"Never before in history have we had the sort of system that we have now, meaning a globalization of the food supply," said Robert Brackett, director of the FDA's Center for Food Safety and Applied Nutrition. ....
Consider this list of Chinese products detained by the FDA just in the last month: frozen catfish tainted with illegal veterinary drugs, fresh ginger polluted with pesticides, melon seeds contaminated with a cancer-causing toxin and filthy dried dates. ....
Farmers use pesticides and chemical fertilizers to build produce yields and antibiotics are used on seafood and livestock. Heavy metals also can be introduced into the food chain by widespread industrial pollution.
Increasingly, those foods are sold in a now global marketplace.
While the European Union, Canada and Mexico still top the list of food exporters to the U.S., China is coming up fast. Since 1997, the value of Chinese food imports, including commodities like wheat gluten, has more than tripled, to $2.1 billion from $644 million, according to Agriculture Department statistics. It accounts for 3.3% of the total food the U.S. buys abroad.
The FDA has been stopping Chinese food import shipments at the rate of about 200 per month this year. Shippers have the right to appeal the detentions, after which the government can order products returned or destroyed.....
All told, the U.S. is expected to import a record $70 billion in agricultural products for the 12 months ending in September, according to an Agriculture Department forecast. The value of those imports will be about double the nearly $36 billion purchased overseas in 1997.
Contributing to that growth are the fresh fruits and vegetables imported during the offseason, when domestic production dwindles or ends.
About one-quarter of our fruit, both fresh and frozen, is imported. For tree nuts, it's about half. And for fish and shellfish, more than two-thirds come from overseas.
Even as the amount of imported food increased, the percentage of FDA inspections declined — from 1.8% in 2003 to 1.3% this year to an expected 1.1% next year.
...."We have better control than we did a few years ago but it is largely the responsibility of the importer to make sure those products are safe," said Stephen Sundlof, the FDA's top veterinarian.
ChemNutra Inc., the Las Vegas importer of the tainted wheat gluten, said it was "particularly troubled" that its supplier did not disclose it contained melamine.
Doyle, of the University of Georgia, warned the contaminated pet food could be an unsavory taste of what's to come.
"This is not the first and will not be the last but it certainly is a wakeup call for the public to get a better appreciation for where this country is going with imports and imported foods," Doyle said.
Copyright 2007 The Associated Press. All rights reserved. This material may not be published, broadcast, rewritten or redistributed.
"There were frogs there all right, thousands of them. Their voices beat the night, they boomed and barked and croaked and rattled. They sang to the stars, to the waning moon, to the waving grasses. They bellowed love songs and challenges."
- John Steinbeck, Cannery Row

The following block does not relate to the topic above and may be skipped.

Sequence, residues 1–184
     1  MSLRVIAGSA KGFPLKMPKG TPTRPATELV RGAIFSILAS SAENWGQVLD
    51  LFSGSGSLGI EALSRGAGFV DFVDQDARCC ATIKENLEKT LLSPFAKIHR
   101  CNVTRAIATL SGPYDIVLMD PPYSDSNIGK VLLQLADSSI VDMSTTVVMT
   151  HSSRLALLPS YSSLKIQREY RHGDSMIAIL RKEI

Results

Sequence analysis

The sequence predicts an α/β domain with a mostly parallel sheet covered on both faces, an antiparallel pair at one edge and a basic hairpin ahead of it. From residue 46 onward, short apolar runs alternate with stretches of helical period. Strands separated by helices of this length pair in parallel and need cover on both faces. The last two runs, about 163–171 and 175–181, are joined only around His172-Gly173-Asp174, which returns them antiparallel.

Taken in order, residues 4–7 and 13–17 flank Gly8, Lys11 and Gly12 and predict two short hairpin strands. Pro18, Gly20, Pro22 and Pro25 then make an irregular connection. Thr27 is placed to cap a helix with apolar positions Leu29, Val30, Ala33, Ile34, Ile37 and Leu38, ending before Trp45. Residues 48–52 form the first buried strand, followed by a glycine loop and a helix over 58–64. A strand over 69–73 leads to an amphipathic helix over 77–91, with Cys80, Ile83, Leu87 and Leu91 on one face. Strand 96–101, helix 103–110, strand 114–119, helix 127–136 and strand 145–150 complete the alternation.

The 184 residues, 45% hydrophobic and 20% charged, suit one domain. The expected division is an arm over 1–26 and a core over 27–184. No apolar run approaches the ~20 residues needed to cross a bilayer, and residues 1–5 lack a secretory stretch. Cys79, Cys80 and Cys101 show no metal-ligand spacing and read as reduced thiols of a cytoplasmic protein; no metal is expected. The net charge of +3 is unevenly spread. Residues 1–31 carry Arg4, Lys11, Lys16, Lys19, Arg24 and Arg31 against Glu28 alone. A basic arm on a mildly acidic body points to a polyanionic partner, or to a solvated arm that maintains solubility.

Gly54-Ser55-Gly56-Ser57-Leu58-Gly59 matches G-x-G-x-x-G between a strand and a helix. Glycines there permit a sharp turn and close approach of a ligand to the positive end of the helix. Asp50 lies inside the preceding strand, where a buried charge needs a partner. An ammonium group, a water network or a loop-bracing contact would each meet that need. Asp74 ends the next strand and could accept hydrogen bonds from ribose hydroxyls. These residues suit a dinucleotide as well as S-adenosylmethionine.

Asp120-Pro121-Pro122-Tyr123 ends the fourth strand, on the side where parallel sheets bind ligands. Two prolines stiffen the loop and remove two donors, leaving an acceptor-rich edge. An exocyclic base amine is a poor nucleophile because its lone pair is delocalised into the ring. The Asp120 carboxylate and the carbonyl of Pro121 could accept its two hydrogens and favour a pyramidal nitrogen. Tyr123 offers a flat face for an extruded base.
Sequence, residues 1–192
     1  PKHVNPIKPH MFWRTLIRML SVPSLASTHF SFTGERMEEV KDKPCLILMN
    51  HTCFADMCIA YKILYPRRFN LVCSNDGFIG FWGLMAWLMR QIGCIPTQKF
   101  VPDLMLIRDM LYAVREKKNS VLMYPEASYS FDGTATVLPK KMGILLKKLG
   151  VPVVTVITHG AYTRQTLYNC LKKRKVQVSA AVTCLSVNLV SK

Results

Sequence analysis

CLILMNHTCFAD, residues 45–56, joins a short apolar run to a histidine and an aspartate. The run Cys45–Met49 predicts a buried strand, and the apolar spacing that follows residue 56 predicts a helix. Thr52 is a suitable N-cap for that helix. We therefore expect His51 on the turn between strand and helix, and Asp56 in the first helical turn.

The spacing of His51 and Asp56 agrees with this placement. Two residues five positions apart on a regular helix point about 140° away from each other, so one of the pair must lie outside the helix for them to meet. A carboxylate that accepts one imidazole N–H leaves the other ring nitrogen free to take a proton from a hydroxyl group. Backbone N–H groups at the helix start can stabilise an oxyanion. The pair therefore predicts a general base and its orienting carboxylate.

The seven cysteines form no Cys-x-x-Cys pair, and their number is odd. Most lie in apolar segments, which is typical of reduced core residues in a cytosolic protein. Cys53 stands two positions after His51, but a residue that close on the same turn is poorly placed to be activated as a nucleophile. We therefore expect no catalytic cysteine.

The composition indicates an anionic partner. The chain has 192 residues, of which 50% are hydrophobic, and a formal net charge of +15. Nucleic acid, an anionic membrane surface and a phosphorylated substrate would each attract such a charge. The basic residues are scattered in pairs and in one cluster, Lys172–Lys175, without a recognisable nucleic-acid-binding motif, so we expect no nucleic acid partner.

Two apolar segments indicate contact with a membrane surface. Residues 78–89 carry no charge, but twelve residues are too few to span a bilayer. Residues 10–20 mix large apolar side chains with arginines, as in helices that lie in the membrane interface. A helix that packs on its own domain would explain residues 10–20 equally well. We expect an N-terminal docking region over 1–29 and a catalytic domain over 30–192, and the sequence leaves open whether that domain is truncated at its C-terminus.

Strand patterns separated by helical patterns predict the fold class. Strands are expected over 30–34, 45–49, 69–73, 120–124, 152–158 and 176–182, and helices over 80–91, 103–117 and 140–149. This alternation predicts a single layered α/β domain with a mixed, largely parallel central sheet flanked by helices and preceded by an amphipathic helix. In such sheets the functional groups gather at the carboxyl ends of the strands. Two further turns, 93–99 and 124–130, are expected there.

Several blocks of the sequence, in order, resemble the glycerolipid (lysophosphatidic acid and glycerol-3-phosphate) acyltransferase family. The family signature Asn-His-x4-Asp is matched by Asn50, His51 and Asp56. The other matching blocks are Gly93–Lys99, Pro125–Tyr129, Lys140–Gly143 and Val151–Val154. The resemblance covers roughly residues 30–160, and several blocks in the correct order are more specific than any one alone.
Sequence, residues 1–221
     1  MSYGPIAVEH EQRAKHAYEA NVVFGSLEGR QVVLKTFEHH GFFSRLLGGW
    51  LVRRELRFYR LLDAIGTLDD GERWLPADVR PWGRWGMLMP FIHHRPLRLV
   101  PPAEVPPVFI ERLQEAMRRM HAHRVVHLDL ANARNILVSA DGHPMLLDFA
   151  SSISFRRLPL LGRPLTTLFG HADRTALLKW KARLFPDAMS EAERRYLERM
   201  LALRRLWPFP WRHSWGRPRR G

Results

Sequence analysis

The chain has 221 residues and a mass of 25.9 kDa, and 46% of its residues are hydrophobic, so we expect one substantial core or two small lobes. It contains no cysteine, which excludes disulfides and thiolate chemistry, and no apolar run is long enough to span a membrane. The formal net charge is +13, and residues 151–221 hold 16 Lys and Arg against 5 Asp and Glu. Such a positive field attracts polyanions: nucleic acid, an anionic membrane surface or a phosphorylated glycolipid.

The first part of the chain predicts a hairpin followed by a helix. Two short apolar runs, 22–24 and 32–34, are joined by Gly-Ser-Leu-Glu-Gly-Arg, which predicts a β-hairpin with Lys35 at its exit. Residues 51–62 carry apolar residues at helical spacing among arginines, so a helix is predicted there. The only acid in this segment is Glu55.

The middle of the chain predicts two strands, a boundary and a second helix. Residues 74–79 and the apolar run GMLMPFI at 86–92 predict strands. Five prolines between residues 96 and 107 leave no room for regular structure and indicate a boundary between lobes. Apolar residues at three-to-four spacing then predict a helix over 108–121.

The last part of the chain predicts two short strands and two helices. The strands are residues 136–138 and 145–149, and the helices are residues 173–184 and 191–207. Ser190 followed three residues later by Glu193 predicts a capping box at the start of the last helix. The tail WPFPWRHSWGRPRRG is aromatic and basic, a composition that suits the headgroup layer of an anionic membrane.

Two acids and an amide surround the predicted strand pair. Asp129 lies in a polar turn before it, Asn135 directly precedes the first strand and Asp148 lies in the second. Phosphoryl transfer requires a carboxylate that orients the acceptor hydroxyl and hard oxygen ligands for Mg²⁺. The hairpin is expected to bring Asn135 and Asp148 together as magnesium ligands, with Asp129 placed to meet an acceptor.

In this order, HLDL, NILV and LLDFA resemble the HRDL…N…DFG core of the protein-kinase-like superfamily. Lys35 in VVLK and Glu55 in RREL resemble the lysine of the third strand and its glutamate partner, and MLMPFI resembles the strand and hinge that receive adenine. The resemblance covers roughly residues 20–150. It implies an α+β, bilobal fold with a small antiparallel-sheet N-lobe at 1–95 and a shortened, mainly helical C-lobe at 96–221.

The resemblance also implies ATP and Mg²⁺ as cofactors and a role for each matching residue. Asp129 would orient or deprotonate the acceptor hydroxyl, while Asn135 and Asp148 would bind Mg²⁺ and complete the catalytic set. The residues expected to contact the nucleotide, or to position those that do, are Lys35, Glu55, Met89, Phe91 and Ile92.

From the San Francisco Chronicle:
(04-14) 10:56 PDT Prospect Harbor, Maine (AP) --
The intensely fishy smell of sardines has been the smell of money for generations of workers in Maine who have snipped, sliced and packed small, silvery fish into billions of cans on their way to Americans' lunch buckets and kitchen cabinets.
For the past 135 years, sardine canneries have been as much a part of Maine's small coastal villages as the thick Down East fog. It's been estimated that more than 400 canneries have come and gone along the state's long, jagged coast.
The lone survivor, the Stinson Seafood plant here in this eastern Maine shoreside town, shuts down this week after a century in operation. It is the last sardine cannery not just in Maine, but in the United States.
Lela Anderson, 78, has worked in sardine canneries since the 1940s and was among the fastest in sardine-packing contests that were held back in the day. Her packing days are over; now she's a quality-control inspector looking over the bite-sized morsels in can after can that passes by her.
"It just doesn't seem possible this is the end," Anderson lamented last week while taking a break at the plant where she's worked for 54 years. She and nearly 130 co-workers will lose their jobs.
....The first U.S. sardine cannery opened in Maine in 1875, when a New York businessman set up the Eagle Preserved Fish Co. in Eastport.
Dozens of plants soon popped up, sounding loud horns and whistles to alert local workers when a boat came in with its catch from the herring-rich ocean waters off Maine. By 1900 there were 75 canneries, where knife-wielding men, women and young children expertly sliced off heads and tails and removed innards before packing them tight into sardine tins.
...."This is it. We don't have any more," Colson said as he watched workers swiftly pack cans in assembly line fashion. "It's not easy seeing this go."
....Even without the quota cuts, the plant was under pressure from shrinking consumer demand, increased foreign competition from countries with lower labor costs — primarily from China and Thailand — and thin margins and low prices on the retail market.
John Steinbeck's 1945 novel, "Cannery Row," an important part of American literature and life, was a novel about the misfits who worked and lived in and around the streets of Monterey lined with sardine canneries. It's like a part of America is disappearing.